Facebook went public this morning, raising $16 billion in its IPO with a near-record-setting valuation of $104 billion.
The company's valuation in an IPO is the third-highest ever recorded, beaten only by the Agricultural Bank of China's $133 billion in 2010, and the Commercial Bank of China's $132 billion in 2006, reports the Chicago Tribune
The $16 billion raised is the third highest for a U.S. IPO, behind Visa and Enel, and is more than three times what it originally set out to raise
Shares in the company were priced at $38 each this morning as the stock went public on the NASDAQ Stock Market under ticker symbol FB. Facebook generates revenue in essentially two ways: through advertising, and through payments, traditionally through the Facebook Credits system mandated to all of its games that offer in-game transactions.
While advertising still represents the bulk of Facebook's revenue, a respectable 15 percent came from payment transactions in 2011. According to the company, "substantially all" of these payments come from social games on the platform.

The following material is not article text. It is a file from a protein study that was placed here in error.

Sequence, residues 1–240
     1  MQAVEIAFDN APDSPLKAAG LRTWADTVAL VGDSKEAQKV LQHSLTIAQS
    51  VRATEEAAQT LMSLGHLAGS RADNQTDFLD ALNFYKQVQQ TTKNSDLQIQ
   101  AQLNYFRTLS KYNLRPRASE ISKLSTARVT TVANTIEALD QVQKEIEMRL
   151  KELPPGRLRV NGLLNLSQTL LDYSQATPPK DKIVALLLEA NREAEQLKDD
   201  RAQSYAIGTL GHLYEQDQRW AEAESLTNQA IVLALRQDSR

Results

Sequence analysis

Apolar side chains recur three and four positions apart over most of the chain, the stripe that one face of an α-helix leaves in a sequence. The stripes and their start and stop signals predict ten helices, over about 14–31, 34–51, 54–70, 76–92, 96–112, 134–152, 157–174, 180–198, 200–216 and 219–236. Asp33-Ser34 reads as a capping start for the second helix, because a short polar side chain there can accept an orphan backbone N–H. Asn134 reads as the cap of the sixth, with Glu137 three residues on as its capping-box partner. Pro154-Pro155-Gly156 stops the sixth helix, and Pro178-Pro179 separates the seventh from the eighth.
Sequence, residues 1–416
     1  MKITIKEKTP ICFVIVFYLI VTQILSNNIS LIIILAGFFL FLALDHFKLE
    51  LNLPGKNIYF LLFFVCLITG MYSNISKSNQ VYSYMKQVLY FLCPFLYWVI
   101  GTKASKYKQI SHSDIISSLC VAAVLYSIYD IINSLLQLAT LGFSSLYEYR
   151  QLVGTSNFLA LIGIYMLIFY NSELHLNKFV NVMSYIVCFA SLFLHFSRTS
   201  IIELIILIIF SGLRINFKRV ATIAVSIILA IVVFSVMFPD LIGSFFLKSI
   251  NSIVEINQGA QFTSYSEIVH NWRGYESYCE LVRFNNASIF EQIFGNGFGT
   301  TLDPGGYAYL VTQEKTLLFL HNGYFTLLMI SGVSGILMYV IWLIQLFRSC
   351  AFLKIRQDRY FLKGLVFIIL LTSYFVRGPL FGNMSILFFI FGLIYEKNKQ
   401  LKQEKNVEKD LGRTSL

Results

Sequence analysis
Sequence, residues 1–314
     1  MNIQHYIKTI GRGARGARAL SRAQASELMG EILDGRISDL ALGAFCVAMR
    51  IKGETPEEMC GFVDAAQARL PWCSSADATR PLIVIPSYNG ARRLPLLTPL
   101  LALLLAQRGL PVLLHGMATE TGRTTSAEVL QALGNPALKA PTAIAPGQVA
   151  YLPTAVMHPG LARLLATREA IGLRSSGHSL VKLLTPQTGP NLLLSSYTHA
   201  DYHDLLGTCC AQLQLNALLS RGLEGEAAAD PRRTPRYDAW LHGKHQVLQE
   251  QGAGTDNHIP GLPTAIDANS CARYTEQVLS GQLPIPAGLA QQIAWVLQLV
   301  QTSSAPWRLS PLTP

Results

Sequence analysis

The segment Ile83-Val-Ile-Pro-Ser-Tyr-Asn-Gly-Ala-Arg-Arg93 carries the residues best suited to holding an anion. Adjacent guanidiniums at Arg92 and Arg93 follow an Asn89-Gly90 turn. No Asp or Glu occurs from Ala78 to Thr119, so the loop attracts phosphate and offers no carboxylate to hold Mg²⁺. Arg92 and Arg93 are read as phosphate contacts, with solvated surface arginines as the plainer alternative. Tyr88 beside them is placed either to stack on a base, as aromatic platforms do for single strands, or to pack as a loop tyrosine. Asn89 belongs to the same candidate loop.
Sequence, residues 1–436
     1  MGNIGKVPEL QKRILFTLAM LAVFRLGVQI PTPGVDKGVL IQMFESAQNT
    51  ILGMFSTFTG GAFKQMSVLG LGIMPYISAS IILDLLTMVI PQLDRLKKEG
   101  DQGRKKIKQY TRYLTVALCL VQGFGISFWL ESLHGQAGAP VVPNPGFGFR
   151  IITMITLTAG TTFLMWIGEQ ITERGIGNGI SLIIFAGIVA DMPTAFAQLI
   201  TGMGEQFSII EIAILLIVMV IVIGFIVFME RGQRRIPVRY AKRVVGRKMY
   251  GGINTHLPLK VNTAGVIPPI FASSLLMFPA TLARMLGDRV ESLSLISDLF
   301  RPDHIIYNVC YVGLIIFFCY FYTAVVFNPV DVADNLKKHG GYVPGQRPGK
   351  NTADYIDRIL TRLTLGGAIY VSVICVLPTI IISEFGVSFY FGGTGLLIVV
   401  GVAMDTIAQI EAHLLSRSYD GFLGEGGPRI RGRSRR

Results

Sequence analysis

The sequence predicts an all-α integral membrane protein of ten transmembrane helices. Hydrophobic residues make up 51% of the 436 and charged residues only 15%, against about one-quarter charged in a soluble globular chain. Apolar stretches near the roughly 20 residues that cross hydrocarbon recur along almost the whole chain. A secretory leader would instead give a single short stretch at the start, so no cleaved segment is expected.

The bulk of this total comes from social games giant Zynga alone - in fact, during the first fiscal quarter of this year, approximately 11 percent of Facebook's revenue
came from sales of virtual goods in Zynga games, and an extra 4 percent came from advertising on Zynga games.
However, this is down compared to the estimated 19 percent of total revenue that Facebook attributes to Zynga during the same quarter of the 2011 fiscal year. That lower percentage indicates that Facebook is becoming less reliant on Zynga's financial health.
Zynga also went public
at the end of last year, raising $1 billion with an initial public offering priced at $10 per share, and a valuation of $7 billion.
developer launched its own social gaming platform earlier this year
, and Facebook's revenue will no doubt take a hit if Zynga chooses to move its operations away from Facebook.